I’ve always found it grounding and affirming when people share their process, the good times and the confusing days. Knowing we're all going through it grounds me and humbles me. People don't just wake up and make the masterpiece. Even if they did, I wouldn't find that very interesting. I'd rather know about someone that grows in it. That makes and lives and feels it and creates things out of that. I want to know what it looks like for other people to make, and to find the time for it. I want to know about the days that feel like a movie, and the ones where it's heavy and we're leaning on each other, or making for survival, because sometimes leaning feels heavy too. I want to know I'm not the only one wondering if I'm moving fast enough, or struggling with focusing long enough to finish a project.

Last weekend I tabled at  No White Flowers for White Powers, a POC punk show put together by No Flowers Collective and BUFU. I brought my printed zines, and a new one that was inspired by the event, titled "be your own punk!" , which I'm hoping to expand on soon. FWFWP had live music as well as artists showcasing and selling their art. There were also astrology and tarot readings, video projections that gave me major editing feels, and lots of qpoc magic. The mosh pit looked very tempting, but I didn't feel like getting hit so I stuck as close as I could be without being in it. And honestly, I had forgotten how cathartic punk can be. It's great for releasing pent-up energy, which I seem to have a lot of lately.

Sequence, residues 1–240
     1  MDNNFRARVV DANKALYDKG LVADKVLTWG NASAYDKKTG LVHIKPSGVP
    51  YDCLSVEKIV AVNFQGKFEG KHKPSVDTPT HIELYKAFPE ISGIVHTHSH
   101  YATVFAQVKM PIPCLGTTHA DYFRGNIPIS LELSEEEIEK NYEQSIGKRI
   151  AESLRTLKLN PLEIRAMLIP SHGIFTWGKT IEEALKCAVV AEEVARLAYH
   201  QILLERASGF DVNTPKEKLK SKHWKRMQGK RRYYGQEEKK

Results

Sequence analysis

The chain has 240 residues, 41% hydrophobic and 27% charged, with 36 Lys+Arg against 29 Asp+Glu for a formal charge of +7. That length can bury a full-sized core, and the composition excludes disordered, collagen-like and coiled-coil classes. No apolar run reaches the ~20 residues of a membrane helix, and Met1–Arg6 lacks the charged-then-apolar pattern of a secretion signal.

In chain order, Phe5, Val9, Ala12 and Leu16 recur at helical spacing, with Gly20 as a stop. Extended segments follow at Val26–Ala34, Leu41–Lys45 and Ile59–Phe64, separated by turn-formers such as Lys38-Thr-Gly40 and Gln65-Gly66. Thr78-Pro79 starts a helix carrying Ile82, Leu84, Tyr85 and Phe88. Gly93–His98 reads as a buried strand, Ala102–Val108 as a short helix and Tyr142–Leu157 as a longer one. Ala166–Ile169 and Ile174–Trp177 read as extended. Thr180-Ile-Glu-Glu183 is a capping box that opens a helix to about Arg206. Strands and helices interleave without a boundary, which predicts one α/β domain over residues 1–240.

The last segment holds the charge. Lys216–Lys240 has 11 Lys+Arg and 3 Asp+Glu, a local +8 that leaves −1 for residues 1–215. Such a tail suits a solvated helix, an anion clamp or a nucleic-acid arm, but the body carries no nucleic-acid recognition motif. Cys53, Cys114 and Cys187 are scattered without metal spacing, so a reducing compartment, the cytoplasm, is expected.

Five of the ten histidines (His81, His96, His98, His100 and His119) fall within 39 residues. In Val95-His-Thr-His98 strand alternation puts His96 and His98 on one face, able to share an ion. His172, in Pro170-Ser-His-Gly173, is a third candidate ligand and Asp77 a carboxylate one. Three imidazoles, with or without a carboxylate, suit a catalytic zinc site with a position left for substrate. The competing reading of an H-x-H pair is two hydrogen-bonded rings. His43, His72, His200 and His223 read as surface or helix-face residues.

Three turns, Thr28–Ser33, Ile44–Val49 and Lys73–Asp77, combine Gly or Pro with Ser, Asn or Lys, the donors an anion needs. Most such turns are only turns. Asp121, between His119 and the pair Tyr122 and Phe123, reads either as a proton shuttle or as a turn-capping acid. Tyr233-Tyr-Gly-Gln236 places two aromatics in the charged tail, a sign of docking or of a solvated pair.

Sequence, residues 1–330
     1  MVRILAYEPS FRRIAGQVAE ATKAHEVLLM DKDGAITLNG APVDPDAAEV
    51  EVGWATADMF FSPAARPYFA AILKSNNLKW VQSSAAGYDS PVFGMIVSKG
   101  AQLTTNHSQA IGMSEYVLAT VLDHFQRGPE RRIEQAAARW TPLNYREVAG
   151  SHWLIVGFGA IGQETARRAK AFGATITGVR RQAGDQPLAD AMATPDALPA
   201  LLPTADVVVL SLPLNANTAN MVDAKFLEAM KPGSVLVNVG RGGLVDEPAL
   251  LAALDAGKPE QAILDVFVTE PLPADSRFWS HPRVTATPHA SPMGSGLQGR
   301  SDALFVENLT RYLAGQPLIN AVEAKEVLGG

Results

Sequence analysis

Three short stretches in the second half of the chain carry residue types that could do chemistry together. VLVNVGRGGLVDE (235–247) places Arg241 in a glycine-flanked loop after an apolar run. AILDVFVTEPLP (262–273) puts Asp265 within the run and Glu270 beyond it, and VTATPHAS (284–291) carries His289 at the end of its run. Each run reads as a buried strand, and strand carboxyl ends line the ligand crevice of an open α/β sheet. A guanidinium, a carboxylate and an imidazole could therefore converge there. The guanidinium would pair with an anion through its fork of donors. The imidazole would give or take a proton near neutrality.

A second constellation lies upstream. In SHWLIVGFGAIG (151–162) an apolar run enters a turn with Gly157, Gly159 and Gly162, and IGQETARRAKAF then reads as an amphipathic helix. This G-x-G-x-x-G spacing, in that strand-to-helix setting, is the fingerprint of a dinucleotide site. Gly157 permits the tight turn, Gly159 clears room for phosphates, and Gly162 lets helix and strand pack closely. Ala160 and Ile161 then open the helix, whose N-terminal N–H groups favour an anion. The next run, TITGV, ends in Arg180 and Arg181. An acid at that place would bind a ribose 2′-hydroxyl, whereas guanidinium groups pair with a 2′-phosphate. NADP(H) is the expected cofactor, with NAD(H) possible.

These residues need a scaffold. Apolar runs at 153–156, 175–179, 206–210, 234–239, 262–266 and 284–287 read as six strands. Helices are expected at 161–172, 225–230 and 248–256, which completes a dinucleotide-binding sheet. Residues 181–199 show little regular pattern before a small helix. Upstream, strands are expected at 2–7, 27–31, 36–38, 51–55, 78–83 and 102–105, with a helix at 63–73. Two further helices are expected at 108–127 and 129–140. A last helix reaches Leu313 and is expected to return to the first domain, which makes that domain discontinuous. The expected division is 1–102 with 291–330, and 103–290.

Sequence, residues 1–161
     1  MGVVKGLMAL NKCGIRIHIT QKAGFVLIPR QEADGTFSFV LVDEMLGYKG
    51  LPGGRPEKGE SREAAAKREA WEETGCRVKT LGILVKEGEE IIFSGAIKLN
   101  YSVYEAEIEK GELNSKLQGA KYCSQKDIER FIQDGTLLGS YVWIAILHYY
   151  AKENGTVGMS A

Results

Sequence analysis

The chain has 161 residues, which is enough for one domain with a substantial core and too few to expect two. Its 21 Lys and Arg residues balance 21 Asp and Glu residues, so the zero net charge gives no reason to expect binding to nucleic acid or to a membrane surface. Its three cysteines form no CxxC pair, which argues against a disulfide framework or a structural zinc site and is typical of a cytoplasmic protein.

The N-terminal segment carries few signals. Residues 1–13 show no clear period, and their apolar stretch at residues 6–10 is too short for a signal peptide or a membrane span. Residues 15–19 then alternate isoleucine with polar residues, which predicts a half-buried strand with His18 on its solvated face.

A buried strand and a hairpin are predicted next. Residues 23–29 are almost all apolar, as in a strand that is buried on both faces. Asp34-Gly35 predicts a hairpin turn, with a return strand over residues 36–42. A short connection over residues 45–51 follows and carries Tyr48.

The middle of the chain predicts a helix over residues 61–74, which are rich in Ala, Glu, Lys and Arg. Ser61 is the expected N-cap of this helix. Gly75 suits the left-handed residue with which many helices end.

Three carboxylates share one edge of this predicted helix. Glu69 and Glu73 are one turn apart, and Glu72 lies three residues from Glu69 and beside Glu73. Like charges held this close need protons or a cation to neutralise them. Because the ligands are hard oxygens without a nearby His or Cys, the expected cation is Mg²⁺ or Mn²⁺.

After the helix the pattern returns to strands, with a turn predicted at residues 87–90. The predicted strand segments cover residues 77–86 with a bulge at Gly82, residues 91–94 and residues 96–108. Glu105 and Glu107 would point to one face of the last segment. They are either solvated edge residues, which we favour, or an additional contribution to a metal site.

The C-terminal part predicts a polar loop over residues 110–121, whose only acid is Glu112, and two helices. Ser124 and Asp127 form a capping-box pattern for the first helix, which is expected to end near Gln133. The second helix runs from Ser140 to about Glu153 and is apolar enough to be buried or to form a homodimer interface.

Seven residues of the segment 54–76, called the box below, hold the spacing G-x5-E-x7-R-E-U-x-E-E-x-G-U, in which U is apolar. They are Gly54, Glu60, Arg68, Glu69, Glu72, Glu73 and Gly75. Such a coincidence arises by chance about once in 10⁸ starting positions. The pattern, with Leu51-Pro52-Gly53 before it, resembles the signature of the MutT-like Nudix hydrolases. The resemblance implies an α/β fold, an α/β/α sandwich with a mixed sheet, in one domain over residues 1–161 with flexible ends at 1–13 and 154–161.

I was also very happy to run into the ladies from Mujeristas Collective. They’re talented and driven and powerful, and I'm so glad that they're doing their thing. They make zines and lead workshops and discussions on self-love and healing. Getting to chill with them at Motherland and No Flowers for White Powers was a lot of fun and I'm excited to share space again. Steph from Mujeristas wore a ‘THANK GOD FOR ABORTION’ shirt to FWFWP that she got from Viva, and that was very cool and affirming to see. Homie also went for the mosh pit (I felt very proud).  

Motherland and No Flowers for White Powers have been reminders of the many sides of the process, and how energizing it can be to get outside of my head and be in intentional spaces, surrounded by art and music and qpoc babes, and people that are also growing through their work. I've been very grounded by people's openness and passion. My mood as been up and down, and lately I'm tired all the time. It really helps to know that there's so much cool stuff happening, and that people are also making amidst (and sometimes because) their feels and messiness. 

I want to let it all inspire and invigorate me and remind me I'm not alone in this. Because as much as I need to spend time by myself, I very much need to connect and engage. I need to be outside, feeling and seeing the magic in other projects and people. I'm working on the energy thing; it feels that I've been on a mission to figure out how to have enough energy to be present for all of it: my people, my job, my projects, myself, all the cool things happening. 

I'm here for the breakthroughs and the healing and the ache, and the fight. I will always want to know what we do in our stubbornness to do this our way, to build the lives we want. Even when I'm quiet and drowning myself in fic, I want the sky pics.